BULLS & BEARS: Firms that raise dividends often good investments

December 11, 2006

A couple of weeks ago, I explained that if in your golden years you place too little of your portfolio in stocks, then live too long, you run a high risk of running out of money before you run out of time.

For older people, their fear is permanent loss of principal.

Although people in their 60s, 70s, and 80s all know they need growth of principal, the fear of loss keeps many of them from getting enough growth to meet their rising spending needs.

And because of that fear, they get hoodwinked into participating in the stock market with index-based CDs and variable annuities.

The marketers of these costly and lousy products make promises to the old folk that they can get the returns of the market with no downside risk. Yeah, right.

Ken Fisher in his Forbes column said this about variable annuities in September 2005: "Buying a deferred annuity proves you are a serious dupe ... you should never, ever again make any financial decision."

That is a bit harsh, but both indexbased CDs and variable annuities have internal costs and high tax consequences that make them a bad deal.

Here is a better way to create income and not be a dupe.

Buy a stock with a history of raising dividends and give yourself a pay increase every year.

Here is an example. Five years ago, Bank of America Corp. paid a shareholder $350 per year in dividends for every $10,000 invested.

That $10,000 today would be paying you $683 every year and your original $10,000 would be worth more than $16,000.

There is no guarantee Bank of America will even pay you a dividend, but it has been paying one for more than 100 years, so the precedent is there.

And there also is no guarantee the company will raise the dividend, but it has done that for at least 15 years in a row.

Of course, the risk of any stock is that it can tumble in value.

The only way to mitigate that risk is to spread it out among several stocks.

But how do you find the dividend payers that have a history of giving increases every year?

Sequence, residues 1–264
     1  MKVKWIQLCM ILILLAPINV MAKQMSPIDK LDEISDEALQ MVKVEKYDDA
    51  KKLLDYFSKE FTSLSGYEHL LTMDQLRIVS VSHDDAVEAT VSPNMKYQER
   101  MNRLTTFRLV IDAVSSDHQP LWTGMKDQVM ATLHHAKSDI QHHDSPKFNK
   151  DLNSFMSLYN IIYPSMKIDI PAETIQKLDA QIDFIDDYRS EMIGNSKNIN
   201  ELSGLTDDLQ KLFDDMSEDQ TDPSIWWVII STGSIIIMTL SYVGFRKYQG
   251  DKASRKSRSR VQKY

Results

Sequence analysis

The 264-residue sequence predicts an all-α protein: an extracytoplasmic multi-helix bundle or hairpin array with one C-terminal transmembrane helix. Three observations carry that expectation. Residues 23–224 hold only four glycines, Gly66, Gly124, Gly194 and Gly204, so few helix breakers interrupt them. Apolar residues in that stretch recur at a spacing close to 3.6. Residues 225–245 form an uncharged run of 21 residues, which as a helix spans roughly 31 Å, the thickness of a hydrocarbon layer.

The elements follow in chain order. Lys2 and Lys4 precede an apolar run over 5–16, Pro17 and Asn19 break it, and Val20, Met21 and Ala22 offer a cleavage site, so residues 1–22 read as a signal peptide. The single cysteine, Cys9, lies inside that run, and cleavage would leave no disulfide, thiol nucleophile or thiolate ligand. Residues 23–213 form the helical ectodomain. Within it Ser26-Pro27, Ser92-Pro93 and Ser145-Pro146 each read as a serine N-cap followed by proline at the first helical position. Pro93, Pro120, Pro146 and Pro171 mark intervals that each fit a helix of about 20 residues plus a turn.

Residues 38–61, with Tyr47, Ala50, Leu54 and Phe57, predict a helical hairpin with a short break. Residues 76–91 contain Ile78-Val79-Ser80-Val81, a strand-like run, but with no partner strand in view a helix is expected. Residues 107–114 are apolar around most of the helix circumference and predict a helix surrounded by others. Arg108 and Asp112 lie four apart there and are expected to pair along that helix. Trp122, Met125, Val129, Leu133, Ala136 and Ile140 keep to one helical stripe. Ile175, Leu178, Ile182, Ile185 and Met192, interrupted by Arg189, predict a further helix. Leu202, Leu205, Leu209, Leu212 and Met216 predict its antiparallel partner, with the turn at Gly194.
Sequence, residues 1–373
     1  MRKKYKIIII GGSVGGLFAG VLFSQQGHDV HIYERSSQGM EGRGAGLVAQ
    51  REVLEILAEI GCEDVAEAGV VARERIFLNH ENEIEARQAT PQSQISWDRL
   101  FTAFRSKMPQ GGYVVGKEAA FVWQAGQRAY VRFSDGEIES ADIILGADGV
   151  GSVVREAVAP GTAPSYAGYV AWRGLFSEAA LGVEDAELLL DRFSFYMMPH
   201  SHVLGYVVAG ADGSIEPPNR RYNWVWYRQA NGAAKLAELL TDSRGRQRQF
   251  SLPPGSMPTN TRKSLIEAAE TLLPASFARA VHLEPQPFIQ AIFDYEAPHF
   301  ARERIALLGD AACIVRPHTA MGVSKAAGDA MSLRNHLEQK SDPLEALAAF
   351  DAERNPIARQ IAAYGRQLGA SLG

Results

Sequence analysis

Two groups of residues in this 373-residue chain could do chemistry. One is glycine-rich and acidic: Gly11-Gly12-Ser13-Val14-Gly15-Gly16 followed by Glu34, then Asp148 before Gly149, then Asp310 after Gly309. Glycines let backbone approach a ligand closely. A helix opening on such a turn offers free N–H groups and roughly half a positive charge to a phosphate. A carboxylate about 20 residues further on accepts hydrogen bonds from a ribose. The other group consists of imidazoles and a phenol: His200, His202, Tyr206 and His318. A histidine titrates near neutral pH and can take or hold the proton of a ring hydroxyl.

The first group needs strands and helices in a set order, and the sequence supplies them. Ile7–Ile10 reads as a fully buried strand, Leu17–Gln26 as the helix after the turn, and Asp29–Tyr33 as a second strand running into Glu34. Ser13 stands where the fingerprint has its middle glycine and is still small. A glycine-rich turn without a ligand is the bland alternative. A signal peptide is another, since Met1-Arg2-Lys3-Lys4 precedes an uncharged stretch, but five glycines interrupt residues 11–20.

Mergent Inc. is a research group that provides this information.

The firm sorts through all 3,300 U.S. companies that pay a dividend. It has identified the 314 of those that have raised their dividend every year for the last decade.

This list of 314 companies is what the company calls its Dividend Achievers index.

You can read about this list at www.dividendachievers.com.

The list is further broken down into subgroups of the 50 or 100 highest-yielding stocks as well as the NASDAQ dividend achievers, a socially conscious list, and even international group of dividend achievers.

Mergent has then licensed this list to be used by mutual fund groups and exchangetraded funds groups to create investment products based upon rising dividends.

Funds have been created by Blackrock, Powershares and Vanguard.

One product that is interesting and pays a high yield is the Blackrock Strategic Dividend Achievers Trust. It pays a 6-percent dividend rate.

There are no guarantees with the dividend achievers, except one. Nobody will call you a dupe.



David Sheaff Gilreath is co-owner of Sheaff Brock Investment Advisors LLC, a money management firm specializing in separate account management. Views expressed are his own. He can be reached at 705-5700 or daveg@sheaffbrock.com.
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